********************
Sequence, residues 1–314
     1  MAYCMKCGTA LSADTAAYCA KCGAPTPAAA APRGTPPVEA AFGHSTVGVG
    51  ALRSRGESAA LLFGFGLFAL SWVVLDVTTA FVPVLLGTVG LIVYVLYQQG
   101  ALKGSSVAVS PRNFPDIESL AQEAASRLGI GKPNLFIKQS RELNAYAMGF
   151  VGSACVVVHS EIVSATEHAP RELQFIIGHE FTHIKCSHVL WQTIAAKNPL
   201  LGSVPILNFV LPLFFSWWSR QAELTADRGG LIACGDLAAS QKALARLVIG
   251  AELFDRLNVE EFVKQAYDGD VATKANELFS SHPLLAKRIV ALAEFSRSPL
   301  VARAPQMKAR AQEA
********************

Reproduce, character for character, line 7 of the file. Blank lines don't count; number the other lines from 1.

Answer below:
   251  AELFDRLNVE EFVKQAYDGD VATKANELFS SHPLLAKRIV ALAEFSRSPL